VermilionStrife Senior Member

    Joined:
    Apr 12, 2012
    Messages:
    5,404
    Likes Received:
    5,929
    @Garfield70 Ok thank you. :)

    @ibsammy My left leg is shorter, and my weaker side, but I actually put more weight on my right leg when walking. Haha I have a heel lift in my shoe now, so I'm even for the first time in a while. We'll see if that helps make a difference. My left side is more limber than my right side, in both my hip and glute.
     
  9. bellalou

    bellalou Senior Member

    Joined:
    Dec 27, 2014
    Messages:
    7,608
    Likes Received:
    23,282
    On the flat, trot in 2-point down the long side, sit for the short side, back in 2-point on the long side. Trot in 2-point up hill.

    Off your horse, stand on one leg. Do it equally with both legs. Knee slightly bend, not locked. I do this standing in line at the grocery store, waiting at street corners, waiting for a bus. Doing it on one of those half-size exercise balls (the ones that are flat on the bottom but rounded on top) is awesome!

    Put your toes and the balls of your feet on a step and let your heels gradually relax down. Then do up-down lifts, standing up on your toes and lowering back down slowly.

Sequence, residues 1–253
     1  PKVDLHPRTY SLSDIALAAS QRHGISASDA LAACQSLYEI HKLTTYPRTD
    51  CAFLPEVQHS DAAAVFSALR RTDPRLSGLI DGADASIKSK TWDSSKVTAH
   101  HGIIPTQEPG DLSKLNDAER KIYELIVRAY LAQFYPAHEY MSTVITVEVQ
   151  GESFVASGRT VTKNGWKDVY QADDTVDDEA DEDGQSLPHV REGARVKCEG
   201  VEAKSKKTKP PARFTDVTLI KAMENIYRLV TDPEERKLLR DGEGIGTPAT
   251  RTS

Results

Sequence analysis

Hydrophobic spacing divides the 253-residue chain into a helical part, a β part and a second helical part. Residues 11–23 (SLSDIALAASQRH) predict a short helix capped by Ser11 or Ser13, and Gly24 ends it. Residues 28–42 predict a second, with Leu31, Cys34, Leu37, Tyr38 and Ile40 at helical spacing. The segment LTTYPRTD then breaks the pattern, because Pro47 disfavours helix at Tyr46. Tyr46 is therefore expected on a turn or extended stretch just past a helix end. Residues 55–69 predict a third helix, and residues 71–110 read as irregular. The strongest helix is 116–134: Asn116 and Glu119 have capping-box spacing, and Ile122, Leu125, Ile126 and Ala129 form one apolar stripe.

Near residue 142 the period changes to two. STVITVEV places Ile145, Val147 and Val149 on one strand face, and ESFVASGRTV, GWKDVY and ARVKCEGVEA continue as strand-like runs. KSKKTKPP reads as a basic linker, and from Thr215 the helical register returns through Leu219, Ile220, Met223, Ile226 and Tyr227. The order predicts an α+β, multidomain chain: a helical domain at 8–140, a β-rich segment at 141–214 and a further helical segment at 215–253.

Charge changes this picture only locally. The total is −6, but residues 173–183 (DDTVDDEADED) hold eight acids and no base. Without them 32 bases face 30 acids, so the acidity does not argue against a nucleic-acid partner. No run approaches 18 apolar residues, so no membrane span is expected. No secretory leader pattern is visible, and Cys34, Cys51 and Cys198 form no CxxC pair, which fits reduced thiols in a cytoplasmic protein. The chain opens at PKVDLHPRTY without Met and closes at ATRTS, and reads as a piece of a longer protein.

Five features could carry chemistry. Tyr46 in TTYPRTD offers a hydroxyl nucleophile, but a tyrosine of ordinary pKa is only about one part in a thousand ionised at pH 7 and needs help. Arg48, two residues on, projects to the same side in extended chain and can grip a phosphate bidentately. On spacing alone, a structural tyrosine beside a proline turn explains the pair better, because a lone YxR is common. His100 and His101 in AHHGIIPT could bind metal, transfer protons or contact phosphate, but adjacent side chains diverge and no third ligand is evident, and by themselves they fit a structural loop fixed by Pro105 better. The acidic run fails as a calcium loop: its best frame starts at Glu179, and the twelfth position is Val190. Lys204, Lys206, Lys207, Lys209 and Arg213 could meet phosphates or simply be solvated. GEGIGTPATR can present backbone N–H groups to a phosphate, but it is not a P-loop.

Use resistance bands - hook it around the door frame and one leg and move your leg outward and back, forward and back, or inward and back.

    I got all those from physical therapy after a knee surgery (except trotting 2-point of course) and they're great for leg strength and control.
     
    VermilionStrife and ibsammy like this.
  10. slc

    slc Senior Member

    Joined:
    Feb 19, 2004
    Messages:
    24,060
    Likes Received:
    14,573
    Trot in 2 point and maintain that position without posting or resting, starting with 3 times a week, 5 min, increase by 5 min each week. Work your way up to 45 minutes straight(9 weeks).

    It's also good to not be real hard on yourself. It will take time to develop strength in the 2 point position.
     
    VermilionStrife likes this.

Share This Page